Dublin Ports Plans Expansion with Ireland’s Largest Container Terminal
The Dublin Port Company is planning the long-term expansion of the port to meet the country’s future needs, including the construction of the largest container terminal in Ireland. When the project is completed in 2040, they will have invested a further $450 million in addition to current and previous projects adding another 20 percent to the port’s capacity.
“There is very little spare capacity for future growth of unitized trade in Dublin Port or in any other port in the country,” explains Eamonn O’Reilly, Dublin Port’s Chief Executive. “We are developing Dublin Port based on Masterplan 2040 at an overall estimated cost of €1.6 billion over the 30 years from 2010 to 2040. Port infrastructure is very expensive and, by the end of this year, we will have invested €500m in the 11 years since 2010. Over the next five years, we will invest a further €450m. We aim to begin to build the €400m 3FM Project in 2026 and to complete it between 2030 and 2035. “
One of the key elements of the master plan is the creation of an entirely new container terminal with the capacity to handle 612,000 TEU annually. The new container terminal will have the capacity for more than twice the number of containers handled in all the other Irish ports in 2020. The plan also calls for the redevelopment of the existing container terminal to create a new Ro-Ro freight terminal with the capacity to handle 288,000 freight trailers annually. A new 1,000-foot plus turning basin would also be created at the port.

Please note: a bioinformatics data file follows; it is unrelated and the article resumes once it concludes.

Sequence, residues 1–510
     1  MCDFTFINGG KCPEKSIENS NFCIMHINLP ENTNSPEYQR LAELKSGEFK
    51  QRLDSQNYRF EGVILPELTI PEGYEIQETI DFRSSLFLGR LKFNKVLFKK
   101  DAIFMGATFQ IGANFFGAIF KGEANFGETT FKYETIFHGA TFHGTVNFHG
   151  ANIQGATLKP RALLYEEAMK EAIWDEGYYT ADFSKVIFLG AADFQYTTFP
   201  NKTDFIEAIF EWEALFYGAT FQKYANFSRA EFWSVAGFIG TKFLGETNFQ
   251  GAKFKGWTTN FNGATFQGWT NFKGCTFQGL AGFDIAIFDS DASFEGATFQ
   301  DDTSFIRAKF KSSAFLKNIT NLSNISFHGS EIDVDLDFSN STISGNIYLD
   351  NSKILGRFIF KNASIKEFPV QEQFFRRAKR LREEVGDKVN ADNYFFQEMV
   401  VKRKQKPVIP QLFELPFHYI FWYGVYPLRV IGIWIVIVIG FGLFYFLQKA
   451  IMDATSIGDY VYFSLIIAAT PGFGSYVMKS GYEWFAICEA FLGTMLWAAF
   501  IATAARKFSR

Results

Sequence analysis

According to port officials, “pinch points” are already evident in the north port area post Brexit creating the need both for ongoing projects as well as the long-term planning to accommodate Ireland’s future growth. The overall port has seen 44 percent volume growth in the past decade with 37 percent growth in the Lo-Lo operations. Since Brexit, growth has accelerated with 2021 volumes expected to be 14 percent higher than 2020.
“Masterplan 2040 projects that Dublin Port will need capacity for an annual throughput of 3.1 million trailers and containers by 2040,” says O’Reilly. “The 3FM Project will deliver one-fifth of this capacity by way of a new Lo-Lo terminal – 360,000 containers per annum – and a new Ro-Ro freight terminal – 288,000 freight trailers per annum.”
Another important part of the plan is the goal to re-integrate Dublin Port with Dublin city. The master plan calls for a new road and bridge across the River Liffey linking parts of the port to remove truck traffic from local roads to create additional capacity for pedestrian, cycle, and public transit in the city. New cycle and pedestrian routes would be created in the port, new public access areas as well as providing the utilities and waste-to-energy facilities to support port operations.
The port has begun a public comment period until the end of the year and in 2022 begin the planning process and meetings with local stakeholders. They expect to file the planning application in 2023 to receive approval in 2024 and commence construction by 2026. The project will be completed in phases between 2030 and 2035.